The 20th learning analytics network event held online on 21 April 2021 brought together expert speakers from across the community to discuss the benefits of learning analytics (LA), importance of collaboration, the challenges of online learning and to explore future digital opportunities. We also took a look at the world of artificial intelligence (AI) in the cloud.
Key takeaways from the speaker sessions:
Learning analytics research and development at The University of Oslo, Norway, Jan Arild Dolonen
Over the last 10 years there has been a real focus on digitalisation in the higher education sector in Norway. Today’s researchers are required to handle more and more big data, and it is becoming increasingly difficult to support the specific IT needs of researchers without the right resources and direction.
The University of Oslo has adopted a research-driven approach and has begun to develop the technical infrastructure for LA research and the practices needed to support decision making.
“We need to pay close attention to dashboards that provide teachers with visualisations of student participation, the need to analyse how students interact with peers and the demand to better understand the detail and legalities surrounding students’ personal data.”
Jan Arild Dolonen, PHD. Senior engineer at Department of Education, University of Oslo, Norway
Transforming the student experience with Learning analytics and The University of Greenwich – Dr Christine Couper
Christine made a strong case for treating students as allies in learning analytics – working with them as partners in developing practices where they are involved in the discussions, being clear about the purpose and benefits and ensuring that students feel confident that their data are protected.
The presentation included an overview of the ingredients of a good student-staff partnership for LA and guidance on approaches to monitoring LA to ensure it is making a difference.
Christine highlighted work using Checkin+ to strengthen student support and reporting at The University of Gloucestershire. As well as drawing attention to work from The University of Greenwich to illustrate how Jisc’s learning analytics system is helping students, academics and professional services to enhance teaching and learning and improve student satisfaction.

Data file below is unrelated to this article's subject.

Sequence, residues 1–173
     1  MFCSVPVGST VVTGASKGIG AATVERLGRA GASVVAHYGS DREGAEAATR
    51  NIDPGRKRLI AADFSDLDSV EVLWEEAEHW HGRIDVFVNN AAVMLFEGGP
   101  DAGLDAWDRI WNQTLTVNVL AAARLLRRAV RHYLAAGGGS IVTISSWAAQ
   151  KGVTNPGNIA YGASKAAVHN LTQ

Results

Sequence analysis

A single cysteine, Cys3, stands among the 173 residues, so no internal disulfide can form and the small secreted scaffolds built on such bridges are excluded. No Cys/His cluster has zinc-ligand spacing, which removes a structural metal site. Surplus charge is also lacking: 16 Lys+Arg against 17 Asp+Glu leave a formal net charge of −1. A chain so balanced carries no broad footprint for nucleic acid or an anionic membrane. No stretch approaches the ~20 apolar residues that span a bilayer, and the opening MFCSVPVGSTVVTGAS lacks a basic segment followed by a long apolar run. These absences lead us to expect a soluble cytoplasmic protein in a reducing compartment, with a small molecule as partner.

How can machine learning and AI in cloud improve research? Adrian Stevenson, Technical Innovation Manager and Paul Ross, Cloud Solution Consultant at Jisc
During the session Adrian and Paul discussed out-of-the box AI services available on a range of cloud platforms. Using data from the Jisc Archives Hub, brief demonstrations were provided to show how these technologies can be put into practice.
The pair also touched on some of the issues relating to the implementation of AI solutions. It is important to have an awareness of the technologies that underpin AI, and how bias can come into play to affect outcomes. As these systems grow, data collection, management, and security will become more of an issue. Furthermore, what is the wider societal impact from increased automation? As AI plays a bigger part in the infrastructure and systems on which society depends, what does that mean from a safety and quality control perspective?
As we step into the new world post COVID-19, the focus on AI within all sectors will continue to gather pace. Cloud platforms provide easily accessible ways to get started with AI solutions, and they are available for use immediately by individuals and large-scale enterprises. Exploring these technologies presents opportunities to all working within education and research.
A word from us
At Jisc we work very closely with members and customers to bring new products, solutions and developments to the sector. We are always looking at ways we can improve teaching and learning through the use of technology, ensuring that we co-design digital teaching and learning solutions with students and staff – our key stakeholders – at every point of the design processes, involving them in key decisions.
In an increasingly digital world, there are both positives and challenges to online learning. We are working in partnership with members and key stakeholders to provide guidance and support on the best ways to engage with students online – exploring both new processes and new systems. It is clear that lockdown has exposed gaps in the digital capabilities of students, staff and organisations along with how we prepare everyone involved to make the most effective use of current and future digital innovations.
The future is exciting, and we look forward to working closely with our LA community to bring new innovations to the sector.
Resources relating to the event will be made available shortly via the events page.
We’d love to hear from you, get in touch at Together.firstname.lastname@example.org, if you’d like to hear more about the event or related activity.